Is adding a function in a patch release a violation of semver? Technically, yes but technical answers aren't always the right answers.
This came up in a recent discussion focused on the relevant importance of setting the minimum patch version for a dependency. Some crates go so far as to never bump their minor version, like serde.
Let's go to the semver spec, specifically Item 7:
- Minor version Y (x.Y.z | x > 0) MUST be incremented if new, backwards compatible functionality is introduced to the public API.
- It MUST be incremented if any public API functionality is marked as deprecated.
- It MAY be incremented if substantial new functionality or improvements are introduced within the private code.
- It MAY include patch level changes.
- Patch version MUST be reset to 0 when minor version is incremented.
As I said earlier, adding a new function deviates from the spec because it is "new, backwards compatible functionality ... introduced to the public API".
Semantics of "Violation"
The original poster insisted on using the phrase "violation of semver" to describe this scenario. Let's start with the semantics of "violation".
While it can be easy to dismiss conversations around semantics, we need to keep in mind that communication is about influencing other people. If you use terms in an unexpected way, it will create a barrier making it harder or outright prevent you from influencing others and will likely add unnecessary frustration to all involved. We need to consider not just the literal meaning of a word, or its denotation, but also its connotation.
I believe the author was intending to say that some crate authors are not
adhering to 100% of the semver spec. Not all deviations from the spec are
equal though. Removing a functional part of a Rust crate's API in a minor
release will break any dependent crate without a lockfile (tooling) and will
break the expectations of those with a lockfile that run
(cultural). This deviation from tooling and cultural expectations is a source
of problems and ideally leads to the release being yanked. I feel these high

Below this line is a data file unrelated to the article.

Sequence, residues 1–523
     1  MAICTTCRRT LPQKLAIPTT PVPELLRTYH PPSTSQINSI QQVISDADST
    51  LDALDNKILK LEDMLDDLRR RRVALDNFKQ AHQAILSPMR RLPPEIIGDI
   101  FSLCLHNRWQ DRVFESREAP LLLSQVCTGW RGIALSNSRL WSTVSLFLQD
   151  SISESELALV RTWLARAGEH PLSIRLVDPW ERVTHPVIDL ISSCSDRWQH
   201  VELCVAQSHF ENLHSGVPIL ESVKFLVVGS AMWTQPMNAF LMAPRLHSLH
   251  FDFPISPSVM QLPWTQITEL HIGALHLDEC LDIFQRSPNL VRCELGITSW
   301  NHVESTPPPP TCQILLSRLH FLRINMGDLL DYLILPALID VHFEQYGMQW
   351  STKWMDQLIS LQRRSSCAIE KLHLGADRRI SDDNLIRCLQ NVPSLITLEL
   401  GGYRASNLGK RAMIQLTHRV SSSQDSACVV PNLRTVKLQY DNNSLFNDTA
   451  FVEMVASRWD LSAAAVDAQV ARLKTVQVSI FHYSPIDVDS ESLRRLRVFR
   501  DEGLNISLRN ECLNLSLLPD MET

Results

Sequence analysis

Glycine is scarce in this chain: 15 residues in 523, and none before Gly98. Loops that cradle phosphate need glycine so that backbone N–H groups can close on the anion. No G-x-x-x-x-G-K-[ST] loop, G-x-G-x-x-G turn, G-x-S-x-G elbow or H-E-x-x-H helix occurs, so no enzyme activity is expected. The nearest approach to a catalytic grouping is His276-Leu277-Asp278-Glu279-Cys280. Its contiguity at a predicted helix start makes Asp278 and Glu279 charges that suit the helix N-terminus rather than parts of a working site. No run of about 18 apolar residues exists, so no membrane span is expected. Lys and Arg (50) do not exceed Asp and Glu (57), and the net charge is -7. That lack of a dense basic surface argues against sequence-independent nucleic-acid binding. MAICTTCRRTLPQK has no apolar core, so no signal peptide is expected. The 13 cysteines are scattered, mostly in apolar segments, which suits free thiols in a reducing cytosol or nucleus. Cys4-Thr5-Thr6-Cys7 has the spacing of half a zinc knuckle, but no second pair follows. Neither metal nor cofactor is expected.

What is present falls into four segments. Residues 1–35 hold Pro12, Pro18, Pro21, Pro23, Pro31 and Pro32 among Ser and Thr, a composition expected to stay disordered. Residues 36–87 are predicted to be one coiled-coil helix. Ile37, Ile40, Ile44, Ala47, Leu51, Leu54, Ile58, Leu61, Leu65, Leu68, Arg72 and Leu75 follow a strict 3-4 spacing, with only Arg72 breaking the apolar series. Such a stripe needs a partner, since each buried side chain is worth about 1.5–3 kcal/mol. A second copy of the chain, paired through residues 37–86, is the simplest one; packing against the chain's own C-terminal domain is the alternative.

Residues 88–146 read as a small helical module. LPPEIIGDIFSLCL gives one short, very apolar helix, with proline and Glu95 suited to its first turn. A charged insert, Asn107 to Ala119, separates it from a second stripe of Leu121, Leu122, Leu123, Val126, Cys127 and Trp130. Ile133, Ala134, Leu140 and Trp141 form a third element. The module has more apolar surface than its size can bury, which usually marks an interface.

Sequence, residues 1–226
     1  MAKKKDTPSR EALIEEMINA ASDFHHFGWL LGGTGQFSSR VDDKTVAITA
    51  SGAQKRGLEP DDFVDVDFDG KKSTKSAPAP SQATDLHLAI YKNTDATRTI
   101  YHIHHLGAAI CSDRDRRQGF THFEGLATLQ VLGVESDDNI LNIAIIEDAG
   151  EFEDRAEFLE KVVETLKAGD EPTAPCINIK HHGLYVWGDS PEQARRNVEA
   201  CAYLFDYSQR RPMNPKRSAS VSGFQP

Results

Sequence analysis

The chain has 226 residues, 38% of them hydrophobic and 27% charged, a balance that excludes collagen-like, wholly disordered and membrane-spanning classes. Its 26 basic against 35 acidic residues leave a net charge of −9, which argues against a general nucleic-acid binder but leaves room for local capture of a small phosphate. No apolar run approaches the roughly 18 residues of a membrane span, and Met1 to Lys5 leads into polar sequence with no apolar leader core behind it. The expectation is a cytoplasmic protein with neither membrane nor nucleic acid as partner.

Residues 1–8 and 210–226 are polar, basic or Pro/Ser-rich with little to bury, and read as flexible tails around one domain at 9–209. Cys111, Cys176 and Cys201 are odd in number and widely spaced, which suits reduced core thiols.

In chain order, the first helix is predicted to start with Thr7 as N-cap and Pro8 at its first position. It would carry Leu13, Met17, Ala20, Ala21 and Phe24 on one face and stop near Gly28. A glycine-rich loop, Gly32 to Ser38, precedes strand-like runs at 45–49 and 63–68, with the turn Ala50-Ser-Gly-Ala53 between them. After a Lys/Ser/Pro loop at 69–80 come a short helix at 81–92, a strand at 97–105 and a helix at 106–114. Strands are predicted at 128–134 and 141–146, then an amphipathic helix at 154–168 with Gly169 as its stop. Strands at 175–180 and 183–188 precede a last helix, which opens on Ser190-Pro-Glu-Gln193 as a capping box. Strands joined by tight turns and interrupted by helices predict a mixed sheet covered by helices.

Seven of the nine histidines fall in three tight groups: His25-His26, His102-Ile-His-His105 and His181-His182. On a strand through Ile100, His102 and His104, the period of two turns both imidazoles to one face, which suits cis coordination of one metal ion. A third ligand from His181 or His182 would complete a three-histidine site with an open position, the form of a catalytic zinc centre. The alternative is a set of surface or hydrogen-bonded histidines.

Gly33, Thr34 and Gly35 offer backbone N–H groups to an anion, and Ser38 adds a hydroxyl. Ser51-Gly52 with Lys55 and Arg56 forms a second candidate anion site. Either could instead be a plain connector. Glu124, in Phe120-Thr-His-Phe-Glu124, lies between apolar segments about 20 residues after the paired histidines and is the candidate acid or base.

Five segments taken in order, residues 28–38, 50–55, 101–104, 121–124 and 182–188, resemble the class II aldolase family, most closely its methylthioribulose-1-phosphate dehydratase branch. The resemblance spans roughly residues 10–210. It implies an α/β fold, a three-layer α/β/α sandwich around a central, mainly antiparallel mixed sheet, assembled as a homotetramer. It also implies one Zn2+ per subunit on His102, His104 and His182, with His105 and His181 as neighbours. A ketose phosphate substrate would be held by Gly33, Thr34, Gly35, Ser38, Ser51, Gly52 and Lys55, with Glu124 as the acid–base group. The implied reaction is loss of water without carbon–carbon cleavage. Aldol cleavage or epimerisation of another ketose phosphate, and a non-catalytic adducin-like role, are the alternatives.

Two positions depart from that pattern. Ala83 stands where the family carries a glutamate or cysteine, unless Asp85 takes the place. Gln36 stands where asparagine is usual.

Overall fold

impact problems are what people have in mind when people hear about a
"violation of semver".
So what is the level of impact of a patch with an API addition?
Role of Minor and Patch Releases
My traditional understanding of patch releases is that they are low risk and easy to audit. Semver doesn't seem to actually care about these cases since the spec only specifies "MAY" for updating the minor field on substantial new functionality (when the API is the same). It doesn't even acknowledge the risk associated with large refactors with the spec being quiet on this case. The focus is on API additions and deprecations for a minor release, compared to a patch.
Even the value of that traditional understanding is diminished when tooling
isn't there to support it. At least in Rust, doing a
cargo update updates
freely across patch and minor releases. You could constrain the version
requirement to only update within patches but that will break anyone relying on
your crate because
cargo unifies version constraints within a major version,
meaning there will be at most one copy of a crate per major. If a common
version within a major cannot be found, your build fails. Overly constraining
is a problem today in Rust and the errors aren't all that helpful (yet).
Maybe I'm missing something but the only value I'm seeing in this semver rule is to say to users "this version might contain changes of more interest than patch releases".
Release Early, Release Often
That a version might contain changes of interest breaks down depending on how far you take "release early, release often".
People might hold off on releases because
- They want a splashy release with a lot of lot of headlining features
- They need more extensive testing than the CI provides
- They need to resolve quality regressions caused by new features